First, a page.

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Author Notes:

Correspondence: Hui Mao, Department of Radiology and Imaging Sciences, Emory University, 1841 Clifton Road, Atlanta, Georgia 30329, USA, e-mail: hmao@emory.edu

Disclosures: The authors have declared that no competing interest exists.


Research Funding:

This study is supported in part by NIH grants (1U01CA19891301, R01CA154846-04 and U01CA151810-05) to HM and LY.


  • Science & Technology
  • Life Sciences & Biomedicine
  • Medicine, Research & Experimental
  • Research & Experimental Medicine
  • Iron oxide nanoparticles
  • Active targeting
  • Enhanced permeability and retention
  • Molecular imaging
  • Drug delivery
  • MRI contrast enhancement
  • Gold nanoparticles
  • Nonspecific uptake
  • Particle size
  • Transferrin
  • Delivery
  • Localization
  • Pharmacokinetics
  • Biodistribution
  • Accumulation

Probing and Enhancing Ligand-Mediated Active Targeting of Tumors Using Sub-5 nm Ultrafine Iron Oxide Nanoparticles


Journal Title:



Volume 10, Number 6


, Pages 2479-2494

Type of Work:

Article | Final Publisher PDF


Rationale: “Active targeting” based on the ligand-target affinity is a common strategy to precisely deliver nanoparticle (NP) imaging probes or drug carriers to the diseased tissue. However, such ligand-mediated active targeting inevitably takes place with prerequisite “passive targeting”, driven by the enhanced permeability and retention (EPR) effect. Thus, the efficiency of active targeting in relation to off-targeted unbound NPs is of great importance in quantitative imaging of tumor biomarkers and delivery. With the notion that easy clearance of off-targeted uIONPs may lead to enhanced active targeting and tumor accumulation, we examined the NP size effect on “active targeting” of the transferrin receptor (TfR) using transferrin (Tf)-conjugated sub-5 nm (3 nm core) ultrafine iron oxide NPs (uIONPs) and larger IONPs (30 nm core). Methods: Green fluorescent dye (FITC)-labeled active targeting uIONPs (FITC-Tf-uIONPs) and red fluorescent dye (TRITC)-labeled passive targeting uIONPs (TRITC-uIONPs) were prepared. FITC-Tf-IONPs and TRITC-IONPs were used as comparison for the NP size effect. Multiphoton imaging, confocal fluorescence imaging, histological staining and computational analysis were applied to track different types of NPs in tumors at 1, 3 and 24 hours after co-injection of equal amounts of paired NPs, e.g., active targeting FITC-Tf-uIONPs and non-targeting TRITC-uIONPs, or FITC-Tf-IONPs and TRITC-IONPs into the same mice bearing 4T1 mouse mammary tumors. Results: Active targeting uIONPs exhibited an almost 6-fold higher level of tumor retention with deeper penetration comparing to non-targeting uIONPs at 24 hours after co-injection. However, accumulation of active targeting IONPs with a 30-nm core is only about 1.15-fold higher than non-targeting IONPs. The enhanced active targeting by uIONPs can be attributed to the size dependent clearance of unbound off-targeted NPs, as majority off-targeted uIONPs were readily cleared from the tumor by intravasation back into tumor blood vessels likely due to high interstitial pressure, even though they are not favorable for macrophage uptake. Conclusion: Ligand-mediated active targeting improves the delivery and accumulation of the sub-5 nm NPs. The improvement on active targeting is size-dependent and facilitated by NPs with sub-5 nm core sizes. Thus, sub-5 nm NPs may serve as favorable platforms for development of NP-based molecular imaging probes and targeted drug carriers.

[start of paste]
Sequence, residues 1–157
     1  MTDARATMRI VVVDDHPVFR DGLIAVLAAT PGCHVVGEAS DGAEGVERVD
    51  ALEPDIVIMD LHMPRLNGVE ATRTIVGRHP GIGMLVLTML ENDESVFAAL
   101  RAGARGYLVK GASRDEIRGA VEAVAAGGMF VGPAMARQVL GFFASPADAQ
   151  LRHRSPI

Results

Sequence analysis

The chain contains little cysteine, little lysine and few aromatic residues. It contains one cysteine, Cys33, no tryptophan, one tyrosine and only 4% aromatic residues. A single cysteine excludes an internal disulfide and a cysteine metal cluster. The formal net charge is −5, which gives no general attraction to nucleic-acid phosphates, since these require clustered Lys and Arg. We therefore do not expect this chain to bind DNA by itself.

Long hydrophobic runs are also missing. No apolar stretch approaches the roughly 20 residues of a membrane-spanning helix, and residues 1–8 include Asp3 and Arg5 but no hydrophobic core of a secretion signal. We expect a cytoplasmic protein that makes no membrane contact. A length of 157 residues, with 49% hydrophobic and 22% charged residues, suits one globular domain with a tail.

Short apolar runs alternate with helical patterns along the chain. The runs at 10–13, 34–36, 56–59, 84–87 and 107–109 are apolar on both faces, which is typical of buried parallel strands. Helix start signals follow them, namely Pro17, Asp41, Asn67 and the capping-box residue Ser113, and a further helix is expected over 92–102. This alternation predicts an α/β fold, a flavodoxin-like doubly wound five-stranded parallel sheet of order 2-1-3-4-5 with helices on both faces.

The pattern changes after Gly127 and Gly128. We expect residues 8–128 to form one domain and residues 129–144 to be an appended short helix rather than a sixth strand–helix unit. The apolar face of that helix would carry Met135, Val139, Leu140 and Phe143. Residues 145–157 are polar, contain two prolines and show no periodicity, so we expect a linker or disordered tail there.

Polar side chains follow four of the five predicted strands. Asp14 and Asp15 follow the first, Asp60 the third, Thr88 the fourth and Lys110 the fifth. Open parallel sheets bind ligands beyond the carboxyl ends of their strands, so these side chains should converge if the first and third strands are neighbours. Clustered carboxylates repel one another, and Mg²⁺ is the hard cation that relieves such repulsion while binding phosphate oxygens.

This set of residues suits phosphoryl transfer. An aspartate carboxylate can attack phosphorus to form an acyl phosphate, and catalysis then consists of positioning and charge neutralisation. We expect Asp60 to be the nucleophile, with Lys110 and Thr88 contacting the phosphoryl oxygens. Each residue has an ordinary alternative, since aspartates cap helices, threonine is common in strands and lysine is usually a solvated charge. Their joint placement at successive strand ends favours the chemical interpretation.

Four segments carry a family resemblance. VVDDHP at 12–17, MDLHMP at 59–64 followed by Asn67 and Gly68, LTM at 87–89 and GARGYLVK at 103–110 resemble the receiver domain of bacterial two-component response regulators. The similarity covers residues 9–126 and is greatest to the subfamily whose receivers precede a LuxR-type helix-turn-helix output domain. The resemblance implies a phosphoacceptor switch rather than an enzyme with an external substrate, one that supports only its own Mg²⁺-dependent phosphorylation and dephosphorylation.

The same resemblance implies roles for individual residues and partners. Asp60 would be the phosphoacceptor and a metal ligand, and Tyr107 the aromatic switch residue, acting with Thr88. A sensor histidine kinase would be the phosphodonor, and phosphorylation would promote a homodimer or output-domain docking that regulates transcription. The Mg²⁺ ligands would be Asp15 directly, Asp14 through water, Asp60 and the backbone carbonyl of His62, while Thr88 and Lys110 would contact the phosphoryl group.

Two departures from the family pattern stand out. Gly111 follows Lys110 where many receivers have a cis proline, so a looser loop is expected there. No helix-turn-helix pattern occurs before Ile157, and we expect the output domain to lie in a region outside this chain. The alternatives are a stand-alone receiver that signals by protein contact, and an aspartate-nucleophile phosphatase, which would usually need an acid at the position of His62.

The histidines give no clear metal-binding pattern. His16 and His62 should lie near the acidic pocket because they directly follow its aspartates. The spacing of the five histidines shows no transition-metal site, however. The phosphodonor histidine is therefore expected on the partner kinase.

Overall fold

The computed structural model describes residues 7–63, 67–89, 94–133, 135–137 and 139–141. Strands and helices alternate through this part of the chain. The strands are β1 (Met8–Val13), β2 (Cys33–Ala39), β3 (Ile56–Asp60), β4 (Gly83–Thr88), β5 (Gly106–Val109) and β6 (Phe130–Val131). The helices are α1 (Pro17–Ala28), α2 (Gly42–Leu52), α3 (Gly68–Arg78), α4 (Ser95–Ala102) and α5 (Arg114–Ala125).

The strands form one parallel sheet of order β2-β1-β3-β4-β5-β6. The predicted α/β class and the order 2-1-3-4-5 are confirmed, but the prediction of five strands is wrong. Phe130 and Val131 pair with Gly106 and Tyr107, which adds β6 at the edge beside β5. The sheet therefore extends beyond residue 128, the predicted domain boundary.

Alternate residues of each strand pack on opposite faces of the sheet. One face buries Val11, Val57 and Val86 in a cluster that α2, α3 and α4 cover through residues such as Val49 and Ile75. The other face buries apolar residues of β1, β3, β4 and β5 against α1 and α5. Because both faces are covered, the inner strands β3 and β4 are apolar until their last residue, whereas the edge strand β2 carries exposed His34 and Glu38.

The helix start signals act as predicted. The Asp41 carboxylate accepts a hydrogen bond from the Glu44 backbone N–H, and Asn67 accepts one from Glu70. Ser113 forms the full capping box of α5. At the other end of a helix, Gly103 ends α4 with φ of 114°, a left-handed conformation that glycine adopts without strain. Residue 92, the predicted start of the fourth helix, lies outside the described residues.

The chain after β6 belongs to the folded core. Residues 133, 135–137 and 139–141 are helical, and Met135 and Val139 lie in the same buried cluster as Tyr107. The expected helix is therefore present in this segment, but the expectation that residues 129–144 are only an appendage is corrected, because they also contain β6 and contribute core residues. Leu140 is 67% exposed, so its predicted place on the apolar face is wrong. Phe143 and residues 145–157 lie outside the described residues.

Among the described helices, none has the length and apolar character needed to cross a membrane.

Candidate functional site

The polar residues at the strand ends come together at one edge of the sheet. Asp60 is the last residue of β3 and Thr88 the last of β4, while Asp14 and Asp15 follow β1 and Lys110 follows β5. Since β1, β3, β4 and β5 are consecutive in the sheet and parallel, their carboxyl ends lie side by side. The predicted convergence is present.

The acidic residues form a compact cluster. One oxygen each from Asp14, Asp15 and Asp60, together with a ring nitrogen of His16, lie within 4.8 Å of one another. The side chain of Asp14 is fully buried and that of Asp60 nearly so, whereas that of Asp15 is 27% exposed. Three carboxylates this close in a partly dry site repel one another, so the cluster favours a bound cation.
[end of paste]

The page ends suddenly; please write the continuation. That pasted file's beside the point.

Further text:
Copyright information:

©2020 Ivyspring International Publisher.

This is an Open Access work distributed under the terms of the Creative Commons Attribution 4.0 International License (https://creativecommons.org/licenses/by/4.0/).
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